Sometimes the Best Christmas Gift is the Gift of Giving


Andrew Stoa

Students enjoy giving each other well thought out Christmas gifts

When asked about what people’s favorite part of the holiday season is, most would respond, “the gifts!” While receiving a gift is sure to bring a smile to your face; there are times when giving them brings all the more joy.

The joy of gift giving is typically from the response of the one receiving it. Whether that be from a hug received by a significant other, a warm smile delivered by your kid, or even seeing that same person wearing the shoes you bought them. Those reactions and many others are sure to make the gift giver feel some type of way.

At Benilde-St. Margaret’s that joy is very evident. Students, teachers, faculty and staff are handing out gifts and embracing the spirit of Saint Nicholas. “I bought my sister a bunch of records for a new video player which she doesn’t know she got yet,” freshman Harper Stevenson-Shimek said.

Freshman, Jaidyn Garibaldi, loves seeing his friends wearing and using the gifts he bought for them. “Last year I bought my friend a new pair of shoes and I’ve loved seeing him in the hallways wearing them,” Garibaldi said.

A significant other will always be a good person to give a gift to. For English teacher Paul Canavati the person he saw deserving the most was his newly-wed wife. “So I got married in June and I put together a custom vinyl with 10 songs and sound bites from our wedding,” Canavati said.


Last year I bought my friend a new pair of shoes and I’ve loved seeing him in the hallways wearing them

— Jaidyn Garibaldi

Sometimes gift giving isn’t just for giving to others you love. Sometimes you need to spoil yourself. Senior Raymond Jasper went all out last year. “Last year I got my money up and had to buy myself a Playstation 5,” Jasper said.

Spanish teacher Mary Murray also bought something for herself and her husband. “I’d have to say the best gift that I bought is probably my husband and I went in on a new TV together and I was thinking that it would cost like $2,000, and it was like $250. So I was really happy about that and my husband was happy because it costs a lot less. And now we have a smart TV, which is very nice,” Murray said.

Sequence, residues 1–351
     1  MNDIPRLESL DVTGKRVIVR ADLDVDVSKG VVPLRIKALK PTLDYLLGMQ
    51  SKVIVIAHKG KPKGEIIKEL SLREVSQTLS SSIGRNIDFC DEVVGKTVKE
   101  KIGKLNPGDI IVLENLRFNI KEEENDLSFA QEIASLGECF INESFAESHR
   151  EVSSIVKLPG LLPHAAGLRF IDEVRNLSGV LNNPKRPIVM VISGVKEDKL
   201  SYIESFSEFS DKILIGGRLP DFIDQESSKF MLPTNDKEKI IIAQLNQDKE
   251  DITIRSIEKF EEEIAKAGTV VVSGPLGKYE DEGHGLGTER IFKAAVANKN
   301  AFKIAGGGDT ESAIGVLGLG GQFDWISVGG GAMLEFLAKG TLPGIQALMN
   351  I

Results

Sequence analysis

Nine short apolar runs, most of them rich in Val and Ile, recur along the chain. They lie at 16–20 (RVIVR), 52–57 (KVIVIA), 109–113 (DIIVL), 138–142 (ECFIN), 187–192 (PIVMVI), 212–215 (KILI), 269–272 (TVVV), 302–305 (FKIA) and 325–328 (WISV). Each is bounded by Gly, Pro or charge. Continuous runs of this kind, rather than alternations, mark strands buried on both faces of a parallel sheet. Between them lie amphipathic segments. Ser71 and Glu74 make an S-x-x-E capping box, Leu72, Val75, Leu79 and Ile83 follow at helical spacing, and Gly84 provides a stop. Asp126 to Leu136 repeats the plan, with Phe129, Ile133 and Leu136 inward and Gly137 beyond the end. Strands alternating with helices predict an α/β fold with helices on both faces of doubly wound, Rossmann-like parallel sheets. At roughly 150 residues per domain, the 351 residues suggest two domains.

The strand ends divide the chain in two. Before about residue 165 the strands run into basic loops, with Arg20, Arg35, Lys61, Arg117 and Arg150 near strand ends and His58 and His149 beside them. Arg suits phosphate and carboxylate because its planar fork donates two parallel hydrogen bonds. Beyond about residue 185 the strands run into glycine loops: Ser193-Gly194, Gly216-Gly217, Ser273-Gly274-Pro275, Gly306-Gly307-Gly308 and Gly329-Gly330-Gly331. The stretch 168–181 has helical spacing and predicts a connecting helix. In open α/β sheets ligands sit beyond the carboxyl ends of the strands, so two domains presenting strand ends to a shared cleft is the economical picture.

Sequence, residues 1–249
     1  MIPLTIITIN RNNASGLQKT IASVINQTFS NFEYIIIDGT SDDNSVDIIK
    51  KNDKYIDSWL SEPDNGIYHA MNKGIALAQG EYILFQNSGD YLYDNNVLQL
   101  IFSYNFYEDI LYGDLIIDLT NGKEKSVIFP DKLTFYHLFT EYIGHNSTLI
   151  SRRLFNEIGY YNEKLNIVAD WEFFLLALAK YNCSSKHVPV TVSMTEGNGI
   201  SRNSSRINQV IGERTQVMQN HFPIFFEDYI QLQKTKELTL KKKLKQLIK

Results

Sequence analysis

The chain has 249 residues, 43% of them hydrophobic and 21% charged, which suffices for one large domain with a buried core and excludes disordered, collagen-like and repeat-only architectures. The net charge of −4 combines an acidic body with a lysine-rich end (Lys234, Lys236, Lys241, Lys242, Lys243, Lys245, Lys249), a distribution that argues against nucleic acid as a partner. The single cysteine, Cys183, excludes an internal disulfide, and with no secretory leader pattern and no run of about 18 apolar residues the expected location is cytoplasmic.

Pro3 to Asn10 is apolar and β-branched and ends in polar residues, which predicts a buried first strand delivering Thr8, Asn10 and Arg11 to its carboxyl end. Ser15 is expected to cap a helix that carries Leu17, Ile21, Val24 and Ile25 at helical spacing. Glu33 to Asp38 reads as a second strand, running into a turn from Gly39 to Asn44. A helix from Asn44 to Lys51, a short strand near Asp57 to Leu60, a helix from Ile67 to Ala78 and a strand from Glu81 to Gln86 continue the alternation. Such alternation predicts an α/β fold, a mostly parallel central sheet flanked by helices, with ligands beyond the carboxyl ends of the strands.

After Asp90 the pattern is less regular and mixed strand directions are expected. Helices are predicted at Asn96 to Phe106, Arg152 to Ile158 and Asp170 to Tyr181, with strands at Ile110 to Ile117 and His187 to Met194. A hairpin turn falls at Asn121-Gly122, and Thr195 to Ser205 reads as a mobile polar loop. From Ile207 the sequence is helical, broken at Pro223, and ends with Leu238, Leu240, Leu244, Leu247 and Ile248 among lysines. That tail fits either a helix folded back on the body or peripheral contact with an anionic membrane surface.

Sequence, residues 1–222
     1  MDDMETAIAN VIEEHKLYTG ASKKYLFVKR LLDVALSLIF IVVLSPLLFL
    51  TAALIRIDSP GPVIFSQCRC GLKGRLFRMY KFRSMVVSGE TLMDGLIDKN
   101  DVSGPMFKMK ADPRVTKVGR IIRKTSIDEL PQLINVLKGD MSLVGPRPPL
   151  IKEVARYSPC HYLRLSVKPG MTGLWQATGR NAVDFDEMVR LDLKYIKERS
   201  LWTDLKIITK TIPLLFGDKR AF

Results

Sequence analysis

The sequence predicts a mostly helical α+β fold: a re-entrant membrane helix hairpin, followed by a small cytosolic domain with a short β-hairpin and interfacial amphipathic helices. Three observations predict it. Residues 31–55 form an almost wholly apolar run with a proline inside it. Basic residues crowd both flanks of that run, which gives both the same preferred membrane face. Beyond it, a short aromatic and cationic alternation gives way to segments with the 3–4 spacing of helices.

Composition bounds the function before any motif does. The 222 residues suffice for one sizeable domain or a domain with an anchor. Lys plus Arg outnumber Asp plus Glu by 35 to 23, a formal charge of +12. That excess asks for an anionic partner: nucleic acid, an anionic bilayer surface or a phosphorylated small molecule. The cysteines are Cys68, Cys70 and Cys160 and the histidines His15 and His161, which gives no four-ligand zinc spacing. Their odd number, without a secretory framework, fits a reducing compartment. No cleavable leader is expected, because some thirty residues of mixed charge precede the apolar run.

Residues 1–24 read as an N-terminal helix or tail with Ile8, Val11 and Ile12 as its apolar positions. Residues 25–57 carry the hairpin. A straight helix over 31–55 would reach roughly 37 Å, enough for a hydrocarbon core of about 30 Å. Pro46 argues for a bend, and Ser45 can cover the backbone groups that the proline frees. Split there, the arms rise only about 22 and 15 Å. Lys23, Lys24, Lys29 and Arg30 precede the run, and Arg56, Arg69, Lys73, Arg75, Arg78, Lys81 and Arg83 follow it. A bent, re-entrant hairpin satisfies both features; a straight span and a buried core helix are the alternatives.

For most people giving a gift it isn’t about the gift itself but the sentiment. Canavati has also made an effort for his students to recognize this during the season. “I tell my students this, but I just think that as you get older you start kind of enjoying giving to people and making them feel good. I think more than receiving things, just knowing that you made a positive contribution to somebody’s season,” Canavati said.

Murray finds her joy in seeing the other person’s reaction on the moment of opening it up. “I don’t like getting a list necessarily. I’d rather have it be something I’ve heard the person talk about. Or giving a gift that the person doesn’t expect, and then having them open it up and be super shocked but then also say, ‘Oh my god, I love it.’ And it doesn’t necessarily have to be something that costs a lot either,” Murray said.

With Christmas coming, that’s the type of reaction everyone hopes to see. “My sister will probably be really surprised, and I hope she’d be really happy,” Stevenson-Shimek said.